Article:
Good afternoon everyone. In case you missed it, here’s what happened in the markets this week. Earnings season is officially underway, and it’s like Christmas and Halloween all rolled into one. Facebook stock rose 9% in after-hours trading on Wednesday following their first-quarter earnings report. The company exceeded revenue expectations despite the Federal Trade Commission’s ongoing inquiry. And then there’s 3M. On Thursday the industrial giant cut it’s 2019 earnings estimates and revealed plans to lay off 2,000 workers. This sent the stock price down 13% and brought the overall Dow Jones Industrial Average down with it.
Closer in the C-suites, adventurer in the streets. Patagonia made the announcement this week that it will become more “selective” of its corporate clients. This change is in line with their goal to focus on “other mission-driven companies that prioritize the planet.” Patagonia’s company branded vests have become somewhat of an Indiana Jones meets Gordon Gecko symbol of corporate America. So much so that since the announcement, vests with the logos of JP Morgan and Goldman Sachs have been selling for upwards of $200 on eBay. This is a significant markup for an article of clothing that retails for $99 to $139. And, an interesting departure for a company that started out as an outdoor clothing brand. The vests have joined the likes of McDonald’s plastic straws as symbols of a bygone era that have found a new home on eBay. Marketwatch has more on this topic here.
Out for blood. Elizabeth Holmes, the former CEO of the now-defunct Theranos, appeared in court this week. Her attorneys were able to successfully argue for a delay in her trial date. This was the first time she had been spotted in public since HBO’s documentary, The Inventor: Out for Blood in Silicon Valley. And for most of us, this was the first time we’d seen her in public wearing anything other than a turtle neck.
You get loan forgiveness and you get loan forgiveness and everybody gets loan forgiveness!!!
Senator Elizabeth Warren has announced her plan to forgive $50,000 in student loans for households under $100,000/year in income. And, to partially cancel student loans for anyone making up to $250,000/year. How does she plan to fund this? From her proposal for an Ultra-Millionaire Tax. This being a 2% tax on wealth exceeding $50 million with an extra 1% tax on wealth exceeding $1 billion. This could also be known as the Patagonia Vest Tax.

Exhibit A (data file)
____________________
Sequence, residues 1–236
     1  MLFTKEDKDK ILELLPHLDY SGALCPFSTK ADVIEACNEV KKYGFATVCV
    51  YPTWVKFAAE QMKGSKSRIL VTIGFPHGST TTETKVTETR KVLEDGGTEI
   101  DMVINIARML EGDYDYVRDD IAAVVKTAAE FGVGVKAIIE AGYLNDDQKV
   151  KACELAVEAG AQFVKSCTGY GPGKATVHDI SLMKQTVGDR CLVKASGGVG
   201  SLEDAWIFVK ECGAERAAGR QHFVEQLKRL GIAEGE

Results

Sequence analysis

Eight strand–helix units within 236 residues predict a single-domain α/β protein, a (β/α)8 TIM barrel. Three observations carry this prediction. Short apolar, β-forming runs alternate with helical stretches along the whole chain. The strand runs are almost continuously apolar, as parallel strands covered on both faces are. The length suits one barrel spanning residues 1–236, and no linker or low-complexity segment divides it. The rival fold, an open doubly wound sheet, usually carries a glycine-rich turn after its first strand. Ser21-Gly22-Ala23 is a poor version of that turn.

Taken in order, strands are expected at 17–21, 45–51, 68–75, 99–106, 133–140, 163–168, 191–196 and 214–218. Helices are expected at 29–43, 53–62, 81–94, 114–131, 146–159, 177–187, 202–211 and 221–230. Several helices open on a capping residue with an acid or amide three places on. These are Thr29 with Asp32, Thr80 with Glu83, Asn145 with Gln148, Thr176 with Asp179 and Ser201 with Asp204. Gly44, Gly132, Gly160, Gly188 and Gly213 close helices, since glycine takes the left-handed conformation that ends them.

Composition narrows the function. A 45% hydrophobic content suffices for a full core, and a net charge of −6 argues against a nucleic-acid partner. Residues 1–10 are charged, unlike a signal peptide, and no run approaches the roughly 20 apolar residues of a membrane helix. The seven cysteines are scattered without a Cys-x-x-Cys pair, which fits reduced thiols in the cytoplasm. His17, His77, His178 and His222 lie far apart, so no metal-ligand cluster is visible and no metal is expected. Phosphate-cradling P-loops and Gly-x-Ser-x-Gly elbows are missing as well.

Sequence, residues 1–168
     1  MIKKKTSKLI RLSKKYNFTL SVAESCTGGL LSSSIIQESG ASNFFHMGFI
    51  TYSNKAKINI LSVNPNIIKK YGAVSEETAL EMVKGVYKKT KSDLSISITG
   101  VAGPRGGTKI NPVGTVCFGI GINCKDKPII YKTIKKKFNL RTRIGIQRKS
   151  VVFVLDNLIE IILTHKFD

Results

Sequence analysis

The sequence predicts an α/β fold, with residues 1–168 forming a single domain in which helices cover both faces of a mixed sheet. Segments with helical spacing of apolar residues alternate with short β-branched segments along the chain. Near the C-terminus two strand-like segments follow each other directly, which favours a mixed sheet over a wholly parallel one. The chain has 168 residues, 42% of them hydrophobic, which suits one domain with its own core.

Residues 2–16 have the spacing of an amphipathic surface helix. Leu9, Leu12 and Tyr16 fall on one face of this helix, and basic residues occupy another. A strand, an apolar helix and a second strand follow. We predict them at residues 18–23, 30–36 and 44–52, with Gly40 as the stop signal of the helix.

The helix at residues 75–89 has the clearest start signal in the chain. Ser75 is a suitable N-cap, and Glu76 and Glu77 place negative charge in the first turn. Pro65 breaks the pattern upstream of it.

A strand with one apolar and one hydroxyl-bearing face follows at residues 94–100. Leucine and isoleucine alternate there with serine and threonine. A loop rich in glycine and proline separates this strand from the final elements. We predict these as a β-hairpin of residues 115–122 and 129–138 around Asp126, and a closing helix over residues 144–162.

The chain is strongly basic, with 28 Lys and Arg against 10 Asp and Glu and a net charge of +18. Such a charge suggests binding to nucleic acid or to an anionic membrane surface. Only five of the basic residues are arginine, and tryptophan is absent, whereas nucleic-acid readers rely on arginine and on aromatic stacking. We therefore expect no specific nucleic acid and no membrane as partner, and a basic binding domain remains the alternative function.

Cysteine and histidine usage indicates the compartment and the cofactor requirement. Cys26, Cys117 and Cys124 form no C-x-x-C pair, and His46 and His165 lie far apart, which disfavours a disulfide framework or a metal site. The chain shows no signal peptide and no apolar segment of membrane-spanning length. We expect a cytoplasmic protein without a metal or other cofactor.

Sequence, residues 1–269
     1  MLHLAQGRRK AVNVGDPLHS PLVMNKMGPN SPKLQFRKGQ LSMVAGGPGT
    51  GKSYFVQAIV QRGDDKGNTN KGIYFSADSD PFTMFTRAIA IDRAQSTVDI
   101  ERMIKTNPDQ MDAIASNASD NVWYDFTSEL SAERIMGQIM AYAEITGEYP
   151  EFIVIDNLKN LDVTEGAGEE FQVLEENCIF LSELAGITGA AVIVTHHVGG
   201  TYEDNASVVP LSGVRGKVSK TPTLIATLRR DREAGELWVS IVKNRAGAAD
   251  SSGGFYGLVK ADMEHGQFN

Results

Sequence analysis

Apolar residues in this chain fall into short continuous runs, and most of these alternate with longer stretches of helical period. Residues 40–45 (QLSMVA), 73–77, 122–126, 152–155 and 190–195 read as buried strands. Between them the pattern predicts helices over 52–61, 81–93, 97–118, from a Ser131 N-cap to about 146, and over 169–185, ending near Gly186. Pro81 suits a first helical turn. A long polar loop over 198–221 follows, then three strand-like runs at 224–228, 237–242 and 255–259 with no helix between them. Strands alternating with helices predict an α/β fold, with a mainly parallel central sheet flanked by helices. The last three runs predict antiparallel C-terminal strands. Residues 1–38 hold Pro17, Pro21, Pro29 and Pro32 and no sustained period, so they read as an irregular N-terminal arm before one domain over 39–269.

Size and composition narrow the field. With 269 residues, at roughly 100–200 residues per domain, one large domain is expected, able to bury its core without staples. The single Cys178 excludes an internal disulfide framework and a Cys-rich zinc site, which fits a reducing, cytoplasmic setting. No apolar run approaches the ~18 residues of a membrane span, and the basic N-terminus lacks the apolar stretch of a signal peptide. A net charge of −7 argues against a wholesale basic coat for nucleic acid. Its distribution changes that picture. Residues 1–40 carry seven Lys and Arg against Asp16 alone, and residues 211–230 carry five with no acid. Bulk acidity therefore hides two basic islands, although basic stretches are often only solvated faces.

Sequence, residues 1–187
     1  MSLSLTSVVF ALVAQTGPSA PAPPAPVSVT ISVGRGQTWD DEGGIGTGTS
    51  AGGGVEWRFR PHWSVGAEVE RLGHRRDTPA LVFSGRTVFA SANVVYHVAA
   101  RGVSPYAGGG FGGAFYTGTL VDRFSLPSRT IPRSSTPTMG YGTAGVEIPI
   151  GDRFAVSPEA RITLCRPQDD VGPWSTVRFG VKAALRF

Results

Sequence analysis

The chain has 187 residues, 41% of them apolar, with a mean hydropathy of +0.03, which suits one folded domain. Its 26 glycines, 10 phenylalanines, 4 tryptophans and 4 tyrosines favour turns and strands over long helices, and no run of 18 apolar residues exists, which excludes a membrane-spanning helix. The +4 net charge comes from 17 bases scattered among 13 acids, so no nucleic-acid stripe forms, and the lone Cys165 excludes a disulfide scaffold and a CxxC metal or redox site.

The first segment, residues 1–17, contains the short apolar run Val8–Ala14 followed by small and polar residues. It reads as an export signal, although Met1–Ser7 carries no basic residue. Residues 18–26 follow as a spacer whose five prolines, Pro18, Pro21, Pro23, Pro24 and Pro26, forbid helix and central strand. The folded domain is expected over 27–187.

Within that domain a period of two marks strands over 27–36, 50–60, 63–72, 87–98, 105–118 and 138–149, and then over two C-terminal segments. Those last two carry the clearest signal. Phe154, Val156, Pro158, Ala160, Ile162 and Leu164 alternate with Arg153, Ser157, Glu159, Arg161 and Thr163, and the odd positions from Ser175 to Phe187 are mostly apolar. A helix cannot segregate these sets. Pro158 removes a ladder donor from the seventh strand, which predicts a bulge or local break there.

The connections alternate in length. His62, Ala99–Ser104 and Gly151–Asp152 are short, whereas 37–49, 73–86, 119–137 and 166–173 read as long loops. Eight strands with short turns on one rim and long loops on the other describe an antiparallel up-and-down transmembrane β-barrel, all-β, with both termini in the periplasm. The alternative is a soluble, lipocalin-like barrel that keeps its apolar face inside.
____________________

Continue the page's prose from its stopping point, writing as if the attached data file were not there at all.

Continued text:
She’ll face stiff competition from Joe Biden who announced his intention this week to run for the “soul of this nation.” Whether or not he’s successful remains to be seen. However, it should be noted that it is currently impossible to run for the soul of any nation. In America only corporations have been granted the same rights as individuals.
And last but not least…
So hot right now. The US economy beat expectations by growing at a rate of 3.2% in the first quarter of this year. This was well above the consensus estimate of 2.5%. However, inflation numbers came in lower than expected at 1.7% for the same period. And what does this mean for the markets? For the time being it looks like investors will be able to have the best of both worlds. A strong economy with low inflation means there’s a good chance the Fed will continue their pause in interest rate hikes. If you’re looking for more information on this topic, CNBC has an article here.
In other news…
Microsoft hit $1 trillion in market cap propelled in large part by Microsoft Office 365 and LinkedIn on Thursday.
Marvel’s the Avengers: Endgame premiers in theaters and is expected to rake in close to $1 billion globally this weekend.
Thanks for reading. I hope everyone has a great weekend. We’ll see you next week!
*These are the general views of Stanton Burns and they should not be construed as investment advice for any individual. Opinions expressed are subject to change without notice and are not intended as investment advice or to predict future performance. Stanton Burns does not maintain positions in any securities mentioned as of the writing of this article. Past performance is historical and does not guarantee future results.